So, now you have completed Step 1: Which is to Review Previous Research on Your Brick Wall Ancestor. You have also completed Step 2: Which is to take everything from Step 1 and rearrange it into a timeline. Now we are ready for Step 3 of the Genealogy Brick Wall Busting Process, and that is to Analyze Everything.
Watch This Episode, or Continue Reading Below
This post is part three of a multi-part series on how to bust through genealogy brick walls and discover the identity and life story of even your toughest, elusive ancestor. Here are the previous installments:
Analyze everything?? You might say to me, but we already went through everything twice. And that is true, we have zoomed way into this ancestor’s life with a magnifying glass. We have reviewed everything we already know about him or her and even rearranged it to help us see it from a new perspective.
But now we need to zoom back out and look at the big picture that we have created about this ancestor. We are going to analyze everything together and look for the gaps, discrepancies, and other issues. These problems will become more clear as we look at the overall picture of our ancestor’s life that we know about.
Find the Gaps
As you look at the overall picture you have created for this brick wall ancestor during Steps 1 & 2, notice where you have gaps in your information about this person and their family members.
- Are you missing some of the children’s birth, marriage, or death information?
- Do you have a gap in your timeline for a period of time, maybe even an entire decade or two?
- Perhaps you don’t have any information between when the ancestor left the old county and immigrated to the new country?
The list could go on. Look for these types of gaps in the information you have on this ancestor and their family members so far.
Write Down Your Thoughts
You may not be surprised that I am going to recommend you write down what you notice. You can make notes in the research report from Step 1, in the timeline from Step 2, or you can start a fresh document for Step 3.
Just make sure you write it down in a way that you will remember what your thoughts were. Write in a way that makes it clear that the notes are your analysis and not part of the original records.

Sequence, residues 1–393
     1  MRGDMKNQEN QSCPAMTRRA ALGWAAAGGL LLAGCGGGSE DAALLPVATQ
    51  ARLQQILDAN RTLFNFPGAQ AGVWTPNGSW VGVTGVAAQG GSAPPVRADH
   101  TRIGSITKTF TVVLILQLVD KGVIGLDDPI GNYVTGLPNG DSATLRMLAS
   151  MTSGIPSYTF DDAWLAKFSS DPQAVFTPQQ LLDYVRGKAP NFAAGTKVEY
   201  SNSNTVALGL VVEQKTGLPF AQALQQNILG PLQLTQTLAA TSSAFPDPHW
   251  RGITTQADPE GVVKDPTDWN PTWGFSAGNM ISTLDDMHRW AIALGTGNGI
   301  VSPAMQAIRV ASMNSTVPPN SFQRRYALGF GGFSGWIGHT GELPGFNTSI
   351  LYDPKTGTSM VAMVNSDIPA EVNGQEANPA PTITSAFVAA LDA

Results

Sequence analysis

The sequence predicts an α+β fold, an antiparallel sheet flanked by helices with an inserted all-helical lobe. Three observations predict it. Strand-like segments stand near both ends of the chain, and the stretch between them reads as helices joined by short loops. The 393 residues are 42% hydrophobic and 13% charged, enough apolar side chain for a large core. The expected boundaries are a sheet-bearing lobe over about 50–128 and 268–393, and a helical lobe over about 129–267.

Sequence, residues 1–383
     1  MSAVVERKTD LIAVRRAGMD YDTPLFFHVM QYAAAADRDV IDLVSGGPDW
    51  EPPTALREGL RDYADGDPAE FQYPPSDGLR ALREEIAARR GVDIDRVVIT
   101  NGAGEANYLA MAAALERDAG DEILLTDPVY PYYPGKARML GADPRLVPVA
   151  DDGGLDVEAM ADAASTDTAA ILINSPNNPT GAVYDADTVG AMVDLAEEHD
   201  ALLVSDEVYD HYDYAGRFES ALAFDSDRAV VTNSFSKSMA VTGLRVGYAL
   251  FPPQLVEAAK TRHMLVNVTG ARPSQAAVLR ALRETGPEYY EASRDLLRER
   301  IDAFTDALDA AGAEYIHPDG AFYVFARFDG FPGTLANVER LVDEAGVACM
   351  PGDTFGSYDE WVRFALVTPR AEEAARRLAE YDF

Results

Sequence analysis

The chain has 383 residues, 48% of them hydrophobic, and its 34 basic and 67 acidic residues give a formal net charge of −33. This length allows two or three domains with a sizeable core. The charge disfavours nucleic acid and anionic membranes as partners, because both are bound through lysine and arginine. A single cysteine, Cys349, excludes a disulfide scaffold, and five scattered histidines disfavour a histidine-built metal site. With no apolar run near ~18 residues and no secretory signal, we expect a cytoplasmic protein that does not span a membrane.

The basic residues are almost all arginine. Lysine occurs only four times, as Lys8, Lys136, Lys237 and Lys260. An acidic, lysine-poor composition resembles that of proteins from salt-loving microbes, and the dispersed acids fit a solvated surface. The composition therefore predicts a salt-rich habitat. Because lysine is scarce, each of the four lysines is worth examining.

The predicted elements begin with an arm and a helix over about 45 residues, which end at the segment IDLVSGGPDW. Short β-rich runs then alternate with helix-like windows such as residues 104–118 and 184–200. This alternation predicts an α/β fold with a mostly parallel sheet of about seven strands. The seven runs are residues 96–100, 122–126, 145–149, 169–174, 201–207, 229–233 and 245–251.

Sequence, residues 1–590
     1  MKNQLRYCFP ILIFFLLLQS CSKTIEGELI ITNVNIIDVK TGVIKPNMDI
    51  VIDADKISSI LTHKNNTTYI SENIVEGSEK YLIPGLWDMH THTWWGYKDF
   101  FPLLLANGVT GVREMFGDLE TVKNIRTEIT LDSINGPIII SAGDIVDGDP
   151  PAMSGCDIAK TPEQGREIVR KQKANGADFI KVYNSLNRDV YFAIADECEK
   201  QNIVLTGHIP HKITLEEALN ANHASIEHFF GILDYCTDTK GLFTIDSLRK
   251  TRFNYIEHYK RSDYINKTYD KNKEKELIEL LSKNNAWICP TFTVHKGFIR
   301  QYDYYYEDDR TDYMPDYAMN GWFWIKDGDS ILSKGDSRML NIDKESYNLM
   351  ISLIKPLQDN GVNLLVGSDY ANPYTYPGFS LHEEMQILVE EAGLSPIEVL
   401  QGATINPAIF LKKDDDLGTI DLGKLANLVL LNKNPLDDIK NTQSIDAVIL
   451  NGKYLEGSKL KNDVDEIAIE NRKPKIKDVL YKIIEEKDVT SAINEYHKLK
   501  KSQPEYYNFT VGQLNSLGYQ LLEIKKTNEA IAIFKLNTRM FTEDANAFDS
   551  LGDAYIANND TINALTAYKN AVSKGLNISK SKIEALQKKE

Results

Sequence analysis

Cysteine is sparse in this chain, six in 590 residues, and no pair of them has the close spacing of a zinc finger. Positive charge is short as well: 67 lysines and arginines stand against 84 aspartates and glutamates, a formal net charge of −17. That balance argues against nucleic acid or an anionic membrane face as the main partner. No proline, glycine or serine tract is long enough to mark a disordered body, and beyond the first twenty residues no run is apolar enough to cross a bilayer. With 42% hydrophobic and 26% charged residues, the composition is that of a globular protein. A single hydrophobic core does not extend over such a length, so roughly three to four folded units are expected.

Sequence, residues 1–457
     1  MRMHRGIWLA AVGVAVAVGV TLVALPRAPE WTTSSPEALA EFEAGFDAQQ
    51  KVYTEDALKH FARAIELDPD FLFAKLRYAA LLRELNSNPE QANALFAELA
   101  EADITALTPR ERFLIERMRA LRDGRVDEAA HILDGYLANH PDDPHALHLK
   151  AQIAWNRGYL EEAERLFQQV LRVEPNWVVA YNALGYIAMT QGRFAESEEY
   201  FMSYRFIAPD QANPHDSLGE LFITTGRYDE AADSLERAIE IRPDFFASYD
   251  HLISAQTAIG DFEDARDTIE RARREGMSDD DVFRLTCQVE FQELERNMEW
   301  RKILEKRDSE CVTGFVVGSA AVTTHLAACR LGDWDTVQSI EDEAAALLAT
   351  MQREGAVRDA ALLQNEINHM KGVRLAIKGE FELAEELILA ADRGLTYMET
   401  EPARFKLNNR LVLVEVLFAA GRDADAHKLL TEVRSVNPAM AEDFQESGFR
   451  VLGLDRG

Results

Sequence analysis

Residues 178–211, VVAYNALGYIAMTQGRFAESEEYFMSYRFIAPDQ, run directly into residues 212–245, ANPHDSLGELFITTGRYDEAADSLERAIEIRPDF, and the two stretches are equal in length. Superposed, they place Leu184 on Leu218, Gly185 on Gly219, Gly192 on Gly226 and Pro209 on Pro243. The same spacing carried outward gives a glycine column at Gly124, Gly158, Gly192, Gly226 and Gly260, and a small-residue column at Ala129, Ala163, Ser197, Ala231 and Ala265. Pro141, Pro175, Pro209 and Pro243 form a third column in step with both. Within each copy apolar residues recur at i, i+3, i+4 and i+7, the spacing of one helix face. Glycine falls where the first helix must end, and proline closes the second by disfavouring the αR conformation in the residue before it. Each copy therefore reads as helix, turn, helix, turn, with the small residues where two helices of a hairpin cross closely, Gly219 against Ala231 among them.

Look for Discrepancies
Next, look for discrepancies in the data. We are not going to resolve these discrepancies in this step of the process. But we are going to note them, so we can work on sorting them out later.
- Do you have a list of several birth locations and years for your ancestor?
- Did you find records for their marriages in two different states at the same time?
- Did the ancestor marry a second spouse when the first was still alive, but there is no evidence of divorce?
- Were older children in the family born before the wife, or when she was too young to be a mother?
- Do you have two children in the family born less than 9 months apart?
- Was the ancestor creating documents in two locations at once, such as land deeds?
Some of these situations may be legitimate for an ancestor. But these types of discrepancies send up red flags that should be looked into. Make note of these issues.
Think Deeply, But Don’t Act… Yet!
Spend plenty of time pondering and thinking deeply about the overall picture you have of this brick wall ancestor. As you do, more ideas will come to your mind. Write down anything that stands out to you as a gap, discrepancy, or other data issue.
Don’t ACT on any of these ideas at this point in the process. But, I promise we are getting very close to making an ACTION PLAN in the next step!
Join me here again next time to see how Step 3 looks in the case study of Brick Wall Bertha. Then I will see you again in a few weeks to work on Step 4 of the Genealogy Brick Wall Busting Process!
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See you next time,